NATIONAL

Seoul to freeze trans-Korea project with Russia

By Shin Hyon-hee
  • Published : Mar 8, 2016 - 19:02
  • Updated : Mar 8, 2016 - 19:02
South Korea said Tuesday it will pull out from a trilateral trans-Korea logistics project with Russia as it unveiled a new set of standalone sanctions chiefly targeting North Korea's financial and shipping networks.

The decision on the Rajin-Khasan logistics project in particular reflects Seoul's toughening line against Pyongyang as it had been the key piece of President Park Geun-hye's much-trumpeted “Eurasia Initiative.” 

A coal truck is headed to Namyang, North Korea, after departing from the Chinese border town of Tumen on March 4. (Yonhap)


Her administration had touted the program as a test bed for building confidence with the North and renewed collaboration with Moscow since its launch of the Eurasia vision in 2013.

The Russian-led initiative calls for refurbishing the North Korean port city of Rajin and laying a 54-kilometer railroad running through the nearby Russian town of Khasan to transport Russian products like coal.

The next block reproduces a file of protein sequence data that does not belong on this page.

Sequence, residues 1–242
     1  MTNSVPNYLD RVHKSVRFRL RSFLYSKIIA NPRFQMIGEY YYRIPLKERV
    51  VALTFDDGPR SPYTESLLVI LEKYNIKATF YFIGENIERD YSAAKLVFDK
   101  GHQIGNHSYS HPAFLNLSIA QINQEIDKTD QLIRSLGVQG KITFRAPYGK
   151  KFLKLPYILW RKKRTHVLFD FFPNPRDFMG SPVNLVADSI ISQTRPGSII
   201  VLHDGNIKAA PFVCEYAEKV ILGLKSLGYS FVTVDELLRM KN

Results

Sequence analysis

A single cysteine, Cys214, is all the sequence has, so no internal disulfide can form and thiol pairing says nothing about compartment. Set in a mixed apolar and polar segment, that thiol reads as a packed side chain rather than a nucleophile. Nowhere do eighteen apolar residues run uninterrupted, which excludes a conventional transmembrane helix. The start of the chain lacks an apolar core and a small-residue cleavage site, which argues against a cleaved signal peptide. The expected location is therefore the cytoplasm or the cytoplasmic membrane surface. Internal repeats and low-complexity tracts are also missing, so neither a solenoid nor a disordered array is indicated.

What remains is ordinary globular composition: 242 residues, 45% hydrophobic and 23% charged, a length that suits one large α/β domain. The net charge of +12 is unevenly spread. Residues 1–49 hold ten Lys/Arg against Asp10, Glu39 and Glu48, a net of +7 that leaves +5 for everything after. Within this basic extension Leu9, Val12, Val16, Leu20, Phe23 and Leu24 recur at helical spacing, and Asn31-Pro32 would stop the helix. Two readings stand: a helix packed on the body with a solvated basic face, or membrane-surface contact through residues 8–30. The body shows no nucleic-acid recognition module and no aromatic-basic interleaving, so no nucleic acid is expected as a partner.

South Korea’s KORAIL, POSCO and Hyundai Merchant Marine had been seeking to take over part of the Russian stake in RasonKonTrans, the Pyongyang-Moscow joint venture in charge of the project.

“It’s unsustainable to continue the review that the three-way consortium has been carrying out on our participation now that the fundamental business structure is falling apart,” an industry official said, requesting anonymity due to the sensitivity of the matter.

Despite concerns over a possible souring of Russia ties due to Seoul’s about-face, officials here dismissed such speculation, saying the relationship is on “solid” footing including at the leadership levels.

“The Rajin-Khasan project, which is essentially a civilian one incepted over economic logics by the two countries’ businesses with the cooperation of the governments, is now difficult to advance given the international community’s sanctions movement in line with the UNSC resolution and our own measures,” said Kim Hong-kyun, chief nuclear negotiator and special representative for Korean Peninsula affairs at the Foreign Ministry.

“If there is progress in North Korea’s denuclearization, however, we would be able to reconsider whether to restart the project. We have provided sufficient explanations in advance to the Russian side that our latest steps were inevitable in light of the North’s nuclear test.”

By Shin Hyon-hee (heeshin@heraldcorp.com)